Airline admits crash jet 'on wrong runway'

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The Independent Online

Singapore Airlines was struggling to maintain its reputation as one of the world's safest airlines yesterday after admitting that the Boeing 747 which crashed at Taipei airport on Tuesday was attempting to take off from a runway that had been closed for maintenance.

Singapore Airlines was struggling to maintain its reputation as one of the world's safest airlines yesterday after admitting that the Boeing 747 which crashed at Taipei airport on Tuesday was attempting to take off from a runway that had been closed for maintenance.

The airline was forced into the admission after a senior Taiwanese prosecutor confirmed that the plane had collided with construction equipment on the second runway of Taiwan's Chiang Kai-shek airport, which was undergoing repairs. "The aeroplane hit two cranes and then crashed," said Song Keo Yeh, the chief prosecutor of Taoyuan County. "The aeroplane was on the wrong runway from the very beginning. There's no mistake about that."

But the Civil Aviation Authority of Singapore (CAAS) claimed that the airport authorities in Taipei appeared to have contributed to the disaster by failing to conform to international guidelines for cordoning off unusable runways.

Eighty-one people died in the crash of flight SQ006, which occurred during a rain storm caused by the approach of a typhoon. Early speculation centred on the possibility of wind shear - a sudden and violent change in wind direction that could have slammed the plane back down on to the runway.

Now the crucial question is how the plane strayed on to the wrong runway, and whether responsibility lies with the pilot or with the airport controllers who guided him.

Investigators in Taiwan have said that although runway 05R was closed for repairs and littered with construction machinery, it was not blocked off. Pilots used its lower sections to access taxiways to runway 05L, the clear runway that the Singapore Airlines pilot should have used.

"A white closed-runway marking [a cross] shall be placed at each end of the closed runway and at regular intervals along the runway," the CAAS said in a statement late yesterday. "Lighting on a closed runway shall not be operated, except as required for maintenance purpose."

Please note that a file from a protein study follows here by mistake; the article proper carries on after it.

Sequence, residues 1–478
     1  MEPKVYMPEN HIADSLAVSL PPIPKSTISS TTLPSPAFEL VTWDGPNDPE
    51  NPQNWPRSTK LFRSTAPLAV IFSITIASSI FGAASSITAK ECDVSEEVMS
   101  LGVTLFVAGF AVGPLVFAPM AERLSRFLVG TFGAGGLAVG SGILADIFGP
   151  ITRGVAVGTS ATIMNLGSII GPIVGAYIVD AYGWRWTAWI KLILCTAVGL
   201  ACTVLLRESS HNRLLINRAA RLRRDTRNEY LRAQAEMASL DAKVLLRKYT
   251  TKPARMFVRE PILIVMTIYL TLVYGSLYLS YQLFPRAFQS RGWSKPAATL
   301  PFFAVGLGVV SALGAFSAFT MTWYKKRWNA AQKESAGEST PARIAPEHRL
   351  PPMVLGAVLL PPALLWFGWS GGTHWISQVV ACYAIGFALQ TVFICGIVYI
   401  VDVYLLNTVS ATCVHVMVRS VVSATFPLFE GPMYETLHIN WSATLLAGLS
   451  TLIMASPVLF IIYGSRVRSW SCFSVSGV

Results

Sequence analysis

Taiwan investigators have said that runway 05R - the closed runway - was lit with both runway lights, which run along each side, and centre-line lights, which mark the middle of the tarmac.

The Malaysian pilot, Chee Kong Foong, is being held in Taiwan for questioning, but Singapore International Airlines (SIA) yesterday stressed that the ultimate responsibility for the tragedy may not lie with him.

"When the possibility of a runway mix-up was suggested two days ago, we said at that time that it was unlikely an experienced captain could have taxied his aircraft on to a darkened runway that was out of use," Rick Clements, a spokesman for Singapore International Airlines, said on Friday.

"But the aircraft was on the wrong runway and we want to understand now how this could have happened ... My feeling is that the plane could have been directed to the wrong runway or the wrong runway was lit up by mistake."

The most likely sequence of events now appears to be as follows: at 11:16pm, instead of moving the plane on to the open runway known to pilots as 05L, Captain Foong turned his jet several seconds too early on to the closed runway 05R. Visibility at the time of the crash was severely restricted by heavy rain, but investigators said that the pilot told the control tower that he could see the runway clearly.

Taiwanese news reports on Wednesday quoted pilots from two China Airlines planes, who were awaiting take-off, saying that they saw SQ006 manoeuvre onto the wrong runway. Seconds later, just as its nose was lifting off the ground, the 747-400 barrelled into the heavy construction equipment and broke apart, scattering the bulk of the debris across a wide area of runway 5R.

The flight recorder reveals that Captain Foong swore and said, "Something there!", just before the jetliner crashed, caught fire and broke into three sections. After the accident, Singapore Airlines said that Captain Foong had said he had seen "an object" on the runway and tried but failed to avoid the obstruction.

According to the leader of the accident investigation, Yong Kay, the pilot was correctly directed by the control tower. But he said that it was too early to hold him responsible.

Yesterday's statements will lay the basis for multi-million dollar lawsuits against the airline, which until Tuesday night had not had a passenger fatality under its own livery in its 28 years. The airport may also face legal action.

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